Discover more from Lance's Letter
Highlights 2020: Week 19
Ditching optionality, Thorpe's real edge and the cost of discipleship
Great founders maintain Zero Optionality. Not because they are crazy risk takers. But because they just don’t see the huge risk. They have no back-up plans. They see The Future.
I used to vehemently disagree with the idea of sacrificing optionality. Since markets are chaotic systems and chaotic systems are unpredictable, it seemed like a stupid idea to make a huge bet on an unpredictable system.
My experience backed this up. One year we launched ~25 products to find one that had the metrics to scale on paid media. Predicting what customers want is a tough. So, lack of backup plans seems like a willful self-delusion.
Then, I stumbled across an idea that makes me think of reducing optionality and focusing in. Maybe there are situations where the margin of safety is high enough, that the bet just makes sense to follow.
Follow logic and analysis rather than sales pitches, whims, or emotion. Assume you may have an edge only when you can make a rational affirmative case that withstands your attempts to tear it down. Don’t gamble unless you are highly confident you have the edge. As Buffett says, “Only swing at the fat pitches.”"
Edward O. Thorp, A Man for All Markets
Ed Thorpe’s book had two major lessons for me.
If you’re unsure about your “edge” (read: advantage), you don’t have one.
Focus is the key to finding an edge.
For most of my career, I wasn’t sure I had an edge, so attempted to take small bets. I don’t regret this strategy at all. Now that I’ve got an idea where I think I’ve got an edge, my goal is to test that edge as cheaply as possible. My guess is, no edge survives contact with the dealer. But focus can help you uncover something deeper.
In a competitive world, adversity is your ally. The harder it gets, the better chance you have of insulating yourself from the competition. If that adversity also causes you to quit, though, it counts for nothing.
Seth Godin, The Dip
Difficulty is the easiest moat. Assuming we can survive it. This is one I celebrate on my good days, and lament on my bad ones.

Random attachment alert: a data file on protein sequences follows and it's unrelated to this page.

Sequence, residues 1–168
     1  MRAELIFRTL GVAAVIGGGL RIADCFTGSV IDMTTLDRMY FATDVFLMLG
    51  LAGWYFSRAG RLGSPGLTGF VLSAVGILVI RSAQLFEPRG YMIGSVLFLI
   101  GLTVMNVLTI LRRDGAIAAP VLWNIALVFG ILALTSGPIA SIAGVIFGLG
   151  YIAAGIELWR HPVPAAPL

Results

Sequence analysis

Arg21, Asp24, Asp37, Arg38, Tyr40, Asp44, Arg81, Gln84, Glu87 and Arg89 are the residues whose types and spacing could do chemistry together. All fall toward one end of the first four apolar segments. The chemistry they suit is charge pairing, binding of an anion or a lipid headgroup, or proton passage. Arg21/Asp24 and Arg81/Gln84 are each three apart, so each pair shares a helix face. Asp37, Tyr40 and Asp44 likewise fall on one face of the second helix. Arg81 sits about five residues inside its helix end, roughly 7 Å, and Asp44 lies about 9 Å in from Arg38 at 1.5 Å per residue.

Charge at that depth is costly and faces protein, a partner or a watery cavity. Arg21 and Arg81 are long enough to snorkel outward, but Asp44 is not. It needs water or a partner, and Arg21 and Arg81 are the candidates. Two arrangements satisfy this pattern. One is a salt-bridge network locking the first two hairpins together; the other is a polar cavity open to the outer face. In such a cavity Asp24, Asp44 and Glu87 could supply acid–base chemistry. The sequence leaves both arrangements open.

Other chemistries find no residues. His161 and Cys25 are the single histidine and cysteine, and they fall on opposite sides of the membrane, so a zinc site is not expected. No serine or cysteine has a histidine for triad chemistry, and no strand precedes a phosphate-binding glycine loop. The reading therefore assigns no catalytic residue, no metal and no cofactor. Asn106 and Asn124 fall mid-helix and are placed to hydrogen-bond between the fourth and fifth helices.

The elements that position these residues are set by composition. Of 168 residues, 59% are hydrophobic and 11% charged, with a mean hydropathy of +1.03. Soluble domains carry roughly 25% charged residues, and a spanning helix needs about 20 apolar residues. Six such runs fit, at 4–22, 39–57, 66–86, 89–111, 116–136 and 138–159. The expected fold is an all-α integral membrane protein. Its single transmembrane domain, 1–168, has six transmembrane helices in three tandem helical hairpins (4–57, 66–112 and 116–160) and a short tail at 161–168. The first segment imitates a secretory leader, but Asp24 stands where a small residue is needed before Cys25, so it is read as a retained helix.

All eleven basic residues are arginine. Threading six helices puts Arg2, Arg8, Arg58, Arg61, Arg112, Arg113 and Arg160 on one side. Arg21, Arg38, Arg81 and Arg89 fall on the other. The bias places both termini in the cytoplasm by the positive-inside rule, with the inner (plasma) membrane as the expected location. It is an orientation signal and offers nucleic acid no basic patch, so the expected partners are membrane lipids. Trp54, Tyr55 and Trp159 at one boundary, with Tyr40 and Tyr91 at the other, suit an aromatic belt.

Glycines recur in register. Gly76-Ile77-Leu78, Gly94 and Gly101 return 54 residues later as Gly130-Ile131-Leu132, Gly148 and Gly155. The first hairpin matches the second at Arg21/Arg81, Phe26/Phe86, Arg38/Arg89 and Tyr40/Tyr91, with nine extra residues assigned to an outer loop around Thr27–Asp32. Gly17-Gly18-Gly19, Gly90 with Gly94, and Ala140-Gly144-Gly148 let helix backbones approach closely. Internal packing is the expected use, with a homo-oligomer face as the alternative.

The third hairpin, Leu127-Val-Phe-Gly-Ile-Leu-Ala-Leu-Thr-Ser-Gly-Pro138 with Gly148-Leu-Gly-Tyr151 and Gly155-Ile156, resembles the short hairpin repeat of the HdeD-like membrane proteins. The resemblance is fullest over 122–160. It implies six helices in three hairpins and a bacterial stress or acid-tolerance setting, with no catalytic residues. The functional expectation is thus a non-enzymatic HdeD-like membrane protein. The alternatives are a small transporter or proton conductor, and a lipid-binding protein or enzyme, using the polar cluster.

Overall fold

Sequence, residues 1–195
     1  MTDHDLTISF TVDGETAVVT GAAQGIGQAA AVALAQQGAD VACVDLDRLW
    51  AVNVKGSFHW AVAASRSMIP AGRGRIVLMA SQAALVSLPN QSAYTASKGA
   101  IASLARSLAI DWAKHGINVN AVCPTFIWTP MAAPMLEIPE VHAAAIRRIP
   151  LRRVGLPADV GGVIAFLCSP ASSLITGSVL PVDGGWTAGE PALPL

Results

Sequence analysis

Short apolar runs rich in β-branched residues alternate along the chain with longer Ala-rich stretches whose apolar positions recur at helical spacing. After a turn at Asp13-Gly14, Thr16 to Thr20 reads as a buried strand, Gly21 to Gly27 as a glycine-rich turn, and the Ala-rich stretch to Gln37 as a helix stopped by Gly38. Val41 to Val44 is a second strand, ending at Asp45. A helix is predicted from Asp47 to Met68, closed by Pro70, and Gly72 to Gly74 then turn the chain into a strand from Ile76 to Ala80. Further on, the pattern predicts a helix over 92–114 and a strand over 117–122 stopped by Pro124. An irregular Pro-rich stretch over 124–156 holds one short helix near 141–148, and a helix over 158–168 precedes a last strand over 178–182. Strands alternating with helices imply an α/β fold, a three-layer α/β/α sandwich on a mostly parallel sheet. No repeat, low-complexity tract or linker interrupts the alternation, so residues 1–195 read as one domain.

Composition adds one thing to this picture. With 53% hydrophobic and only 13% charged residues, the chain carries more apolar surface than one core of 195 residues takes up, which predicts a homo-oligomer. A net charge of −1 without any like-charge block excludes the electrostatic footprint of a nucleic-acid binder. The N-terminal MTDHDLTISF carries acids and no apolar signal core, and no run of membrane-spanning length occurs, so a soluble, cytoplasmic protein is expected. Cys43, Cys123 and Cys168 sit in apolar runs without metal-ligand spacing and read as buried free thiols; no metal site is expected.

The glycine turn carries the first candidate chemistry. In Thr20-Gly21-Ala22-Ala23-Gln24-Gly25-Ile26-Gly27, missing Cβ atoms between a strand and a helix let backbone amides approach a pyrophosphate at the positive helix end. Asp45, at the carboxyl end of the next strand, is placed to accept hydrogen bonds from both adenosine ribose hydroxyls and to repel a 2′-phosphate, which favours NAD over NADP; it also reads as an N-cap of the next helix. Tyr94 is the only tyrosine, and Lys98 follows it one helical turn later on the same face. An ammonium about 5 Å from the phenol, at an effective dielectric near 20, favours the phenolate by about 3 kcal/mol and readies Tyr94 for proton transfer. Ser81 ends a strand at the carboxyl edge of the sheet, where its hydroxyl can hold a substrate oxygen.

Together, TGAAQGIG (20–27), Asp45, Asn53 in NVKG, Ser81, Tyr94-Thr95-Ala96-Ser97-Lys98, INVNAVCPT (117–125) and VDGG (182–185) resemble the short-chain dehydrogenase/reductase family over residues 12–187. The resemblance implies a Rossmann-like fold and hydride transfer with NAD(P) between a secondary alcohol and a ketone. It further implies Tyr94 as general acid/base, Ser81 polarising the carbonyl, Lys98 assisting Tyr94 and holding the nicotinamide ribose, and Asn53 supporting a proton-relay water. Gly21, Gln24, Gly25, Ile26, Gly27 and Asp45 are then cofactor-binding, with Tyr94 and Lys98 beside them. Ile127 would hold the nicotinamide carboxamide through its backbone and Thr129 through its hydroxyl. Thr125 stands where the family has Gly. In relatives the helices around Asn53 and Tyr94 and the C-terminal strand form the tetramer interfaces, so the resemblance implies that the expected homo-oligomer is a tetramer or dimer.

[…] which of you, intending to build a tower, does not first sit down and estimate the cost, to see whether he has enough to complete it? Otherwise, when he has laid a foundation and is not able to finish, all who see it will begin to ridicule him, saying, ‘This fellow began to build and was not able to finish.’
cf Luke 14:28-30, The Bible NRSVCE
The dip is the only stupid place to quit. All the money, time and effort invested is guaranteed to be lost. To paraphrase blogger, Taylor Pearson, “pull a pot-roast out of the oven early and it’s the same as not putting it in at all. You can’t eat it.”
Outcomes are [nearly] always better when I count the cost. When I became a Christian in early college, I knew it was going to cost me volleyball friends and an active nightlife.
But, done right, these costly bets are asymmetric. We know the cost of taking the bet, but not the potential upside. (Sidenote: if my bet that heaven is real pays off, I’m more in the money than I could ever imagine).
When my bets haven’t worked out, the worst that happens is I’m out the money, time and energy I knew I could potentially lose. I don’t regret these times. A recent cold calling test comes to mind.
The times when I haven’t counted the cost, I’m tempted to throw good money after bad and fall into the sunk-cost fallacy.
The flipside is, I often don’t even know what the costs will be. It’s hard to count the cost of a new idea. So where’s the room to experiment? To dabble? To tinker?
If you know, let me in on the secret 😉